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Friday News & Deals: New Deals, Fifty Shades of Grey Hitting All the Papers,

Friday News & Deals: New Deals, Fifty Shades of Grey Hitting...


F&W is launching a digital book publishing company that will specialize in releasing digital copies of genre fiction from the 1940s to the 1970s.

F+W Media is launching a new digital-only imprint, Prologue Books, that aims to reintroduce readers to previously out-of-print crime, sci-fi/fantasy, romance, western and YA titles published between 1940 and 1970.

No word on whether these will be bowlderized like the Harlequin Vintage releases.  I hope this means that Charlotte Lamb books will finally be digitally released.

Which reminds me that Keishon emailed me to let me know that the Queen of Ellipses, Barbara Cartland, books are being released digitally as well. Barbara Cartland books on Kindle. I hope that these are legitimately for sale from her estate. The ePub versions appear to be for sale from this store.

With Fifty Shades of Grey making the New York Times interest has arisen from major print newspapers.  The women who are reading these series of books are not regular romance readers, but literary fiction book club readers who maybe read Kite Runner in their last group and furtively downloaded the Twilight series to their Kindles.  The paper books are hard to find, a status symbol one person told me.   Some women are even calling it Twilight for Moms.  The articles are focused on the sexual aspect of the books and how the wives are all buying gray ties and getting tingly downstairs.  The coverage could not be worse for us romance readers but given that the comparisons to Story of O will direct attention away from the romance genre.  According to the publisher, the three book series has sold more than 100,000 copies.

Interestingly enough, the articles seem to fudge on the issue of the story’s origin although it is clear that the writers of these pieces don’t know what fan fiction is.  There are a number of YouTube videos made for these books which are mashups of various movie scenes acted out by Kristen Stewart and Robert Pattison).

  • Globe and Mail  “For yummy mummies in NYC and beyond, the trilogy is a grown-up Twilight– their “mommy porn,” as some have put it.”
  • NYPost  “A guy friend of mine said he wanted to form a business looking for girls who have ‘just finished the book, before they cool off,’ ” says Brod
  • MSNBC “I downloaded a copy and don’t think I put it down until I finished it, despite what the pilot on my flight to Florida said,” she told “I can say, along with many other women I’m sure, that reading this book is very good for your marriage!”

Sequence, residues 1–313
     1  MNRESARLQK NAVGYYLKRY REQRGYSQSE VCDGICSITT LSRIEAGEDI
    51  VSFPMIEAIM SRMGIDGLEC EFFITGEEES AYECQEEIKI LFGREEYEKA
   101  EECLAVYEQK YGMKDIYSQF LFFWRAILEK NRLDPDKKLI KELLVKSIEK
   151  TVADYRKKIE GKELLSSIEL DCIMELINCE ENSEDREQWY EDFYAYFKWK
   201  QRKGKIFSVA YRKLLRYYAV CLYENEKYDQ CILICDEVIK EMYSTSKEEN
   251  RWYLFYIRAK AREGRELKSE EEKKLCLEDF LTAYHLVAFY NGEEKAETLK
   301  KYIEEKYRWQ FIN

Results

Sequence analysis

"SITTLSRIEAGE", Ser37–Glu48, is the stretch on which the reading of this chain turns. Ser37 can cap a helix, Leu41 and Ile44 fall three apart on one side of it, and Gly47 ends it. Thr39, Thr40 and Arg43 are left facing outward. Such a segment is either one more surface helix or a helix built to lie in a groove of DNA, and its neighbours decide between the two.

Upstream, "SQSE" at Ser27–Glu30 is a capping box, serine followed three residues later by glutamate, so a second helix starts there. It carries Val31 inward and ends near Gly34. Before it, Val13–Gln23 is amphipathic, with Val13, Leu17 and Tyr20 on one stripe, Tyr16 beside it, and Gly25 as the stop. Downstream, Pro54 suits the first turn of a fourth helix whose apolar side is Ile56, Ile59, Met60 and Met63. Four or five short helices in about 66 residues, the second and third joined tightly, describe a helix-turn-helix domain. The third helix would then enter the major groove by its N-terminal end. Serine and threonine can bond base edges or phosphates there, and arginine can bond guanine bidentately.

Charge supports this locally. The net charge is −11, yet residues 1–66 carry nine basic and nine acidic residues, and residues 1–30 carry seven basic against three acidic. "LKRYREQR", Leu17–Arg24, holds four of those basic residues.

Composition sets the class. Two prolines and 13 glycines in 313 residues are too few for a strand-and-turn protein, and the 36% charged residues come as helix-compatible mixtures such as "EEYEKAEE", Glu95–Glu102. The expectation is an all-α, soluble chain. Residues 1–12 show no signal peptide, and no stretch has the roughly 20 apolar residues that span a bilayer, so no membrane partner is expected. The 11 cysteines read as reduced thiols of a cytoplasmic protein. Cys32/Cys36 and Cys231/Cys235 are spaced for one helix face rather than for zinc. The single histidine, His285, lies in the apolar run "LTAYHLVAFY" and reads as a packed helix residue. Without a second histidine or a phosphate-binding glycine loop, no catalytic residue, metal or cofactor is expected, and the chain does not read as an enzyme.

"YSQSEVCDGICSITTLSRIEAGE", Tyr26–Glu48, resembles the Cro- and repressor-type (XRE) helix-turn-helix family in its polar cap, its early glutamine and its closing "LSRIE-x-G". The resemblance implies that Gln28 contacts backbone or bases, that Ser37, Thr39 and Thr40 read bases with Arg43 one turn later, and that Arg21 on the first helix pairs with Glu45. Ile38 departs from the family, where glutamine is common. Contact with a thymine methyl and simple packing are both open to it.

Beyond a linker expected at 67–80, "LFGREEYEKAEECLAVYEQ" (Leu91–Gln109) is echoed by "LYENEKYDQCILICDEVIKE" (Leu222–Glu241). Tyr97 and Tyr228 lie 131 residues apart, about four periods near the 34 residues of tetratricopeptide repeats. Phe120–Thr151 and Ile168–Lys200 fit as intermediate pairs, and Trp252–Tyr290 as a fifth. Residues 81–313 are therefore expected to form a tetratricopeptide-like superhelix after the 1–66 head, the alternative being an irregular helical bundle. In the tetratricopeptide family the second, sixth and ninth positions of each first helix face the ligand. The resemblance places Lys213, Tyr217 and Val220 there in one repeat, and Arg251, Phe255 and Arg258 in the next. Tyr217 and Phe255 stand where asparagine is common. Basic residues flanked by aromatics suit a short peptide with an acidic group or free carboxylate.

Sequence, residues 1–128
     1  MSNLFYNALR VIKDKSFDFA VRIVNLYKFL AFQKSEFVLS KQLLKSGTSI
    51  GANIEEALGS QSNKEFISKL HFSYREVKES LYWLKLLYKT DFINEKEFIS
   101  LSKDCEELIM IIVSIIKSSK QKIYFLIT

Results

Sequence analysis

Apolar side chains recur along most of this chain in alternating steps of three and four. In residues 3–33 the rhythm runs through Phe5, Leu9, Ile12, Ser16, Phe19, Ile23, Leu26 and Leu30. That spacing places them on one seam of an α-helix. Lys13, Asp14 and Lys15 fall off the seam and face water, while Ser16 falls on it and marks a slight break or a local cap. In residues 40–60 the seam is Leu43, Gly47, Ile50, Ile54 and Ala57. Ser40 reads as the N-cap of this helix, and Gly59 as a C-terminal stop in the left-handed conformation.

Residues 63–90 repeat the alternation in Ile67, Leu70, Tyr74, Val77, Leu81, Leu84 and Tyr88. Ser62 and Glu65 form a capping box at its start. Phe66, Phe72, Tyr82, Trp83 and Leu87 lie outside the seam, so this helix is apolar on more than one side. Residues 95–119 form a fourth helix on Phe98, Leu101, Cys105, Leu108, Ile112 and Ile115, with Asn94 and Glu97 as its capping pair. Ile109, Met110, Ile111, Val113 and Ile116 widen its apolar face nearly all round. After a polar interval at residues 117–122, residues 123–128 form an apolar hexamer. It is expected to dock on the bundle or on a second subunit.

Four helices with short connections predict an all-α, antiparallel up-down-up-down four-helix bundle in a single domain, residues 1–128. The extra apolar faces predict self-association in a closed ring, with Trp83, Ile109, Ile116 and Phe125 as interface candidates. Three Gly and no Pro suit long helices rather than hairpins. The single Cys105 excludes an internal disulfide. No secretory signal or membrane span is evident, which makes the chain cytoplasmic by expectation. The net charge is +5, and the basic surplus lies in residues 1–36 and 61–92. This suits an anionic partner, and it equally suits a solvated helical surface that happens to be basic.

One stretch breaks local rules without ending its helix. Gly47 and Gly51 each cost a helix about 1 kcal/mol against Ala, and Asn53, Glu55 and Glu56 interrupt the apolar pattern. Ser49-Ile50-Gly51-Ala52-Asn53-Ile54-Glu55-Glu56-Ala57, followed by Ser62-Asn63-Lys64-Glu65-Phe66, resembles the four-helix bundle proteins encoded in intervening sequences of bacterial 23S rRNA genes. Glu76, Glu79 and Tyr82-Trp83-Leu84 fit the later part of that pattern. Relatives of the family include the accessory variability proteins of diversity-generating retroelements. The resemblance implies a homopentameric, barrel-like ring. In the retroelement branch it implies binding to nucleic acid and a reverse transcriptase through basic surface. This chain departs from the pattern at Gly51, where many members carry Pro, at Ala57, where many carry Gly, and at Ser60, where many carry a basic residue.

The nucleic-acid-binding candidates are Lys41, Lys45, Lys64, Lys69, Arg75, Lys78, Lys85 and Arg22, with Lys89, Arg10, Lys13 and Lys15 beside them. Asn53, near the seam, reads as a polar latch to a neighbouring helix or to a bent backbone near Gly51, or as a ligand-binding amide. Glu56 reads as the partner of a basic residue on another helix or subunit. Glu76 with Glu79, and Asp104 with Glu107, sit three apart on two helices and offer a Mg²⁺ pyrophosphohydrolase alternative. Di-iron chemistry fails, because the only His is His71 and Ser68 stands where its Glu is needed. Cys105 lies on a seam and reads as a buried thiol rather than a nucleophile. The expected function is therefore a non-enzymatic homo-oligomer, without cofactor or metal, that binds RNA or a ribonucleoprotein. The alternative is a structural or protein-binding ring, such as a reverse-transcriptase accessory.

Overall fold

• Kate Davies reported that Jay Leno incorporated Fifty Shades into his monologue last night and another person emailed me to say that it was on the Today show this morning.

You can read Lazaraspaste’s epic review of Fifty Shades of Grey here.

I don’t know what to make of this article in the Washington Post about Oprah’s net negative effect on book sales.  Apparently because the books that Oprah recommended were hard to get through sales of breezier fiction declined. Or something.  And that is a bad thing.

When Oprah told people to go read books like “Anna Karenina” or “Love in the Time of Cholera,” romance and mystery sales plummeted. People were too busy marching through 862 pages of Tolstoy to breeze through their usual summer reading.

Chris Keeslar, the last editor left at Dorchester, found a new home at  Never heard of them? Don’t worry, no one that I know of has either.  It is a new digital romance publishing house.  This seems like the late 2000s where new digital publishers sprang up overnight.

Linda Hilton did some research on reviews at Amazon. It’s a pretty fascinating post. Here is a longish excerpt posted with permission:

Of the 13 reviewers who gave Daughter of Deceit 5-star reviews, six have no other reviews on file. Five of the remaining eight have other reviews, but only of other books by Haynes, either under that name or writing as Jerri Hines. The remaining two reviewers, identified as “Ruby W.” and “RCardello,” have reviewed other books, but they have given all of them 5 stars. “Ruby W.” reviewed four of Haynes/Hines’ books, giving all of them 5 stars.

Interestingly enough, Ruby and “RCardello” also reviewed books by Annette Blair, and of course gave them 5 stars also.

According to Jerri Hines’ blog both Annette Blair and Ruth Cardello are friends of hers.

And while there’s nothing wrong with friends helping friends, it does appear to me — if not to anyone else — that only friends and family members of Carrie James Haynes/Jerri Hines are giving Daughter of Deceit 5 star reviews. (Edited to add: One of the 5-star reviewers of Daughter of Deceit is identified as “Ramona.” Another of Haynes’ novels is dedicated to her mother, whose name is Ramona.)


Nook’s Deal of the Day

FREEBIE Fridays. Harlequin guarantees something FREE every Friday. It could be FREE Shipping, a FREE print book or a coupon for a free eBook!

  • Private Property by Leah Braemel * $0 * A | BN | K | S
  • The Sweethearts’ Knitting Club by Lori Wilde * $0.99 * A | BN | K | S
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  • The Highlander’s Bride by Donna Fletcher * $1.99 * A | BN | K | S
  • Rose Garden by Susanna Kearsley * $2.24 * A | BN | K | S
  • Ladies Coupe by Anita Nair * $2.99 * A | BN | K | S
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  • Eve by Iris Johansen * $2.99 * A | BN | K | S
  • Out of the Deep I Cry by Julia Spencer-Fleming * $2.99 * A | BN | K | S
  • A Madness of Angels by Kate Griffin * $2.99 * A | BN | K | S
  • The Templar’s SeductionMary Reed McCall by Mary Reed McCall * $2.99 * A | BN | K | S
  • Secret Vows by Mary Reed McCall * $2.99 * A | BN | K | S
  • Secret Vows by Mary Reed McCall * $2.99 * A | BN | K | S
  • Shades of Milk and Honey by Mary Robinette Kowal * $2.99 * A | BN | K | S
  • Neverwhere by Neil Gaiman * $2.99 * A | BN | K | S